As stated in our meeting in May, our desire was to operate a more digitally savvy practice, which we believe will have an overall benefit to the community we serve. We will definitely keep you updated on how it all works out and are aware of the reporting requirements through Digital Wings. We will be thanking them publically via their Facebook profile as well.
Again, we cannot thank you enough.
WHITIREIA COMMUNITY LAW CENTRE
Jessica Sebastian Managing Solicitor
Thank you so much for your kind donations. We set the computers up today and my volunteers felt at home and more comfortable serving the community as they come in. Thank you a lot!! We love the printer too yaye!!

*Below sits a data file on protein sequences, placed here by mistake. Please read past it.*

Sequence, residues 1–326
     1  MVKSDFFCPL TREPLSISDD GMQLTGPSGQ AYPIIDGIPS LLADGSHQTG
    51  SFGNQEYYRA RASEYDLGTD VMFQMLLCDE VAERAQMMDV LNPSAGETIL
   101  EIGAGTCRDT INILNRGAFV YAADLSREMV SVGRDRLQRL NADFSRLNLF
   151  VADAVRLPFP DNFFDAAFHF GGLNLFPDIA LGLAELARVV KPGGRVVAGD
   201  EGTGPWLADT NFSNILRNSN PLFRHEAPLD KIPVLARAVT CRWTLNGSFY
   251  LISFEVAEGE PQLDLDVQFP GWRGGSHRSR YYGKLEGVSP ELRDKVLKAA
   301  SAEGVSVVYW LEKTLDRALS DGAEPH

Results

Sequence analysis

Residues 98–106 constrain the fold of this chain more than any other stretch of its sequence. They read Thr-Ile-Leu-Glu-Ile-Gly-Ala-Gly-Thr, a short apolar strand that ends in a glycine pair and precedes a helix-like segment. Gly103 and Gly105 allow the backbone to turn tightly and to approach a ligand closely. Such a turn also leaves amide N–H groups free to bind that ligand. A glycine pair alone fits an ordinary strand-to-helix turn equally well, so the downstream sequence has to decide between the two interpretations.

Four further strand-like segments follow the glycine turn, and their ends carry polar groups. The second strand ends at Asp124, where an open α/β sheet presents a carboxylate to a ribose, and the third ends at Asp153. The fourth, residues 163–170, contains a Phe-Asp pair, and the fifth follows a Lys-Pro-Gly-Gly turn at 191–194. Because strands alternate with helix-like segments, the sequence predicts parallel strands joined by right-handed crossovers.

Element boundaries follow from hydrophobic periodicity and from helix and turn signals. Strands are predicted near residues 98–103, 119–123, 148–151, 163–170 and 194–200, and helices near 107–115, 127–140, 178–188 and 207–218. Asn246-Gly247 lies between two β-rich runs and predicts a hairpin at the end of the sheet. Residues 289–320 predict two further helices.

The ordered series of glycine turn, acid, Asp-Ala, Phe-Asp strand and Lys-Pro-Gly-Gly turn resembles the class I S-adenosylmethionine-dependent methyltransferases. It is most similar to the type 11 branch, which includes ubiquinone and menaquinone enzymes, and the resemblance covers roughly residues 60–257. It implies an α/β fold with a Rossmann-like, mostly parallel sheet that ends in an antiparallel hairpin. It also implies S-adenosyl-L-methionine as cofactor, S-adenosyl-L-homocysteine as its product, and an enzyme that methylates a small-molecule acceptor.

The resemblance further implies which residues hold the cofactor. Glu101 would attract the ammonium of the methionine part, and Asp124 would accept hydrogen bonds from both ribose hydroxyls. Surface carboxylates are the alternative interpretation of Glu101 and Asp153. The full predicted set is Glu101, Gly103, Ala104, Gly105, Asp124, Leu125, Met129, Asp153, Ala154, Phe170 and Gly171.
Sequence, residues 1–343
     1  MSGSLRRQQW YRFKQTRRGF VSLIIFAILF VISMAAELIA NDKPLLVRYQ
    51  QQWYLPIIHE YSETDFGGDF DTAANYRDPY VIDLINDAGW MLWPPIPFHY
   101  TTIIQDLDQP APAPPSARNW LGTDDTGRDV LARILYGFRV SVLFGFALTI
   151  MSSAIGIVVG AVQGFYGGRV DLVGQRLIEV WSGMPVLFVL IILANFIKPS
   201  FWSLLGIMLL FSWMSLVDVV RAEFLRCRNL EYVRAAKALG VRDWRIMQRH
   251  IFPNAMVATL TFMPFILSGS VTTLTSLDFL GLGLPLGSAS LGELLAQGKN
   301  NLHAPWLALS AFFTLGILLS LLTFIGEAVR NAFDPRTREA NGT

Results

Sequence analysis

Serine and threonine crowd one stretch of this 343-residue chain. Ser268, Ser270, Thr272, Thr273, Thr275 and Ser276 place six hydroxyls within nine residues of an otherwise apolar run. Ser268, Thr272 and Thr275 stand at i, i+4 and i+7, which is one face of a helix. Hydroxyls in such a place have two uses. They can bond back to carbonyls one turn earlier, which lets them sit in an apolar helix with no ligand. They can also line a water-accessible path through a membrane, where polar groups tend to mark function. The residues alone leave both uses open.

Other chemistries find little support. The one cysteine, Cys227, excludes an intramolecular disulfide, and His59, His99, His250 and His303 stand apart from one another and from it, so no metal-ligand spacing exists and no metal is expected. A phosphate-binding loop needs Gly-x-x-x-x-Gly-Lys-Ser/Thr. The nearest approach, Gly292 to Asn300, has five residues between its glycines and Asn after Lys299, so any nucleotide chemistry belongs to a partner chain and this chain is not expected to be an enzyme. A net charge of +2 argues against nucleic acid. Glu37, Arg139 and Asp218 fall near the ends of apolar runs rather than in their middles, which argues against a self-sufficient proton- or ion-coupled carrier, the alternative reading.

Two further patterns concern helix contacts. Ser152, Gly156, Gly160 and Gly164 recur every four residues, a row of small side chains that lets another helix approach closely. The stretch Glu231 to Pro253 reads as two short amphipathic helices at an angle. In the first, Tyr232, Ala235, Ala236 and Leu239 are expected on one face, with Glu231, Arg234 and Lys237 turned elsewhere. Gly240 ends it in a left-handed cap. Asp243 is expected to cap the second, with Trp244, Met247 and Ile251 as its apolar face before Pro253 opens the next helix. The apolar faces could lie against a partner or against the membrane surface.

Moira and Deborah have just completed a workshop at the Department of Corrections. Working with a small group who are transitioning to life on the outside, we helped them recognise their skills and attributes, then write their own CV’s including a personal statement and details, work and education history and add referees.Overnight the handwritten CV’s were typed up so that each of them had a hard copy, and one on USB for the future. We returned the following day to work on interview skills. We took along an outfit for each of them, following the careful instructions they gave us about their sizing and colours that suited them. After changing into and admiring their new clothes (they all chose shirts, trousers and ties and looked so smart!) and some interview preparation, we set up mock interview panels. Everyone took part in an interview for the role of a truck driver. They each took a turn at being on the interview panels as well, to see how it felt being on the other side of the interview. From the ‘meet and greet’ in reception through to asking questions at the end of the interview, they all did really well and passed with flying colours.When they are ready for employment PurSuit have offered to refresh their CV’s and interview skills and provide another outfit when they are successful at interview and go on to employment.Thank you so much to the Department of Corrections for the opportunity with work with you. Thank you to all the guys for their hard work over both days, and for the amazing kai.Good luck to you all.